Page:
Jill Bernhardt sat in the medical examiner's office, sipping coffee and waiting for Claire Washburn to finish some paperwork. Their armed escorts, Officers Rankin and Bass, waited within earshot of the morgue doors. She tried Lindsay's cell again and got routed straight to voicemail.
"I don't understand why she hasn't called me back." Jill sounded irate. Claire decided to hear it as 'worried' instead.
"Jacobi said she didn't want to leave Tom alone, so leave her alone. She's probably trying to keep him busy."
In theory, that seemed kind and protective. In reality, Jill felt it was a bad choice. If Tom, in blind grief, reached out to ease the pain, would Lindsay's outsized sense of responsibility and guilt allow her to reject him? "That's what I'm afraid of," she confessed.
Claire raised her brows and her glasses slipped halfway down her nose. She gave Jill a rather prim stare. "Are you always thinking about sex?"
"It wouldn't even be about sex, and you know it!"
"Don't tell me what I know. And don't try to predict how Tom or Lindsay will deal with this."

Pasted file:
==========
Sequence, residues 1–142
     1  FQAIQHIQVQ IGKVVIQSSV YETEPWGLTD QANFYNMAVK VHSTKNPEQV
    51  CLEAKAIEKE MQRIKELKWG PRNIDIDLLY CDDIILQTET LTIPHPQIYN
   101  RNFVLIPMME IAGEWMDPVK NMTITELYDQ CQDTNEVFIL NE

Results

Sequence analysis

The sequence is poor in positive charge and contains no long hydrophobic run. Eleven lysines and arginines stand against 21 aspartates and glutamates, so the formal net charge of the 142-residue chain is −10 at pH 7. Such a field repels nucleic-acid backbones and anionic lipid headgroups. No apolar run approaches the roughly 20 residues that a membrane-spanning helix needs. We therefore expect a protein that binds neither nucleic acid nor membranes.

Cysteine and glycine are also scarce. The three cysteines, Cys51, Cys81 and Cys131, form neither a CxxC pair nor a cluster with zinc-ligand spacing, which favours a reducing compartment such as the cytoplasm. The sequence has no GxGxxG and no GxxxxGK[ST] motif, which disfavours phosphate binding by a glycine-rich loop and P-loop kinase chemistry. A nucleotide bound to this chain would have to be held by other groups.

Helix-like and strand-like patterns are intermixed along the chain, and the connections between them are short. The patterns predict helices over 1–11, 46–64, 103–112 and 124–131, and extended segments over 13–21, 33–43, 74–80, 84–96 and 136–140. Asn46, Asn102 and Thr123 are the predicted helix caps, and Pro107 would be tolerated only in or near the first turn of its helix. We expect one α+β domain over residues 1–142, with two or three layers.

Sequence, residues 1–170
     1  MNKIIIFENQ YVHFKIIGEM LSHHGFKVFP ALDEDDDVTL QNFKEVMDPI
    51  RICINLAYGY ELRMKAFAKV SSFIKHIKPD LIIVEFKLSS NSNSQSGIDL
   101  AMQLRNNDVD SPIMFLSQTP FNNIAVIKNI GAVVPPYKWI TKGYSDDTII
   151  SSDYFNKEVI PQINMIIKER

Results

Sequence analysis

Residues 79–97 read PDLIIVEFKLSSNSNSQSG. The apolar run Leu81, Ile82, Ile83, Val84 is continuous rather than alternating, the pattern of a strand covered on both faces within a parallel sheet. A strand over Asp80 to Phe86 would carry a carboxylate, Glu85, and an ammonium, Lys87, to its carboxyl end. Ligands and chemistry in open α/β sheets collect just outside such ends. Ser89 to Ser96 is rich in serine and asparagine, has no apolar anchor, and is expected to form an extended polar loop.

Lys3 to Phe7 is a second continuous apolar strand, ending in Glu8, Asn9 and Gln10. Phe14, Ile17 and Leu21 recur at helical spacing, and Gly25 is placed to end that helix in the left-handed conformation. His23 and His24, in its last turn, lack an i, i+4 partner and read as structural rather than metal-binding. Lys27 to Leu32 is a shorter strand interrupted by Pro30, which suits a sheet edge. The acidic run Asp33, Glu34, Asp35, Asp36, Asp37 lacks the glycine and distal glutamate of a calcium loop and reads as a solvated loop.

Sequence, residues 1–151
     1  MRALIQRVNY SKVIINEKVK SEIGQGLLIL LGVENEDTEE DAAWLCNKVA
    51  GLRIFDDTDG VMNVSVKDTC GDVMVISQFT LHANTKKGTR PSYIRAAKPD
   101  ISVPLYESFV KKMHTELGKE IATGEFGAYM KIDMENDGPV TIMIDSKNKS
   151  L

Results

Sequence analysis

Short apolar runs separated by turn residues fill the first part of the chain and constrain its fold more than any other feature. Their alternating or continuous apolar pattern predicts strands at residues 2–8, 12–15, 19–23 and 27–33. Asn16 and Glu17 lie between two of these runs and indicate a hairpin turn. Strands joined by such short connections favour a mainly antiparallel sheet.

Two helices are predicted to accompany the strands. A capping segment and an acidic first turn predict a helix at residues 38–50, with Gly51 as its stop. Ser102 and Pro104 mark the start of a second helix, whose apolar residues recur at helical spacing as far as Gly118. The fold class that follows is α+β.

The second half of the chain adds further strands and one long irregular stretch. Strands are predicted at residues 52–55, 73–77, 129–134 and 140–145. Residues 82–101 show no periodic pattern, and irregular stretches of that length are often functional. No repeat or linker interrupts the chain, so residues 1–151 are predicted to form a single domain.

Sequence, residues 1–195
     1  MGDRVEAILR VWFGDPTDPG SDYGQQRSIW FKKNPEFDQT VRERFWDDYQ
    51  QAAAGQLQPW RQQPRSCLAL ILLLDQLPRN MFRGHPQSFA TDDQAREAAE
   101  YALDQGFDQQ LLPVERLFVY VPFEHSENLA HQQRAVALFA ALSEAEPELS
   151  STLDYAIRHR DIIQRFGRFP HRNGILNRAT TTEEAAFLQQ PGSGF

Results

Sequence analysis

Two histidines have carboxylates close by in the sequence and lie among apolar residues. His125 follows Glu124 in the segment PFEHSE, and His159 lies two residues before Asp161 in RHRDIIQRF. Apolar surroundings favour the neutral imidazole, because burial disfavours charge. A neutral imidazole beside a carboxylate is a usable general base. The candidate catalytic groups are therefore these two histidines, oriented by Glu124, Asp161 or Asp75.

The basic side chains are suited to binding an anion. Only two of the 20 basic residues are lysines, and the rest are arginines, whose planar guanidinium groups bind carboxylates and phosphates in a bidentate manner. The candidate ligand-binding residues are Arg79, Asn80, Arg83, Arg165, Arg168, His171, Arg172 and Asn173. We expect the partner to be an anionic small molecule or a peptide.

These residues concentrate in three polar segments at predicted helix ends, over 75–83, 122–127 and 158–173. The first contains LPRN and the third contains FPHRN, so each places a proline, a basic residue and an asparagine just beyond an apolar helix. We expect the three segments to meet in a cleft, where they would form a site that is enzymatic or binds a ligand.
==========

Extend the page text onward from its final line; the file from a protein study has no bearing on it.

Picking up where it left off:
"As a friend, I'm thinking about potential repercussions and how best to minimize them, thank you," Jill sourly explained. "Providing we all survive this nightmare intact, Lindsay will carve herself up for years if she loses Cindy."
"Not gonna happen," said Cindy Thomas, breezing into the office and throwing eye-daggers at Claire. "Cindy didn't take the L.A. job the one she told Claire about in confidence."
"What L.A. job?" Jill flicked her attention from one woman to the other. "Are you looking to leave town?"
It took a second for Cindy to grasp the misunderstanding. She shifted her feet, softly laid her bag and a sheaf of files on Claire's couch. "You weren't talking about the job."
"The one Cindy told Claire about in confidence? No," Claire sharply noted. She moved on quickly, before Cindy could ask what they were talking about. "So you turned him down, officially."
"I did. At lunch. Right after Jill called. I went to the scene for a while, then left to raid Pelham Rehab."
"Turned who down officially?" Jill persisted. "Raided what?"
"It was way, way too easy. The turn-down more than the raid Mr. Kipp was really nice," Cindy continued. "I'm sorry for assuming you squealed."
"Would someone please answer me?"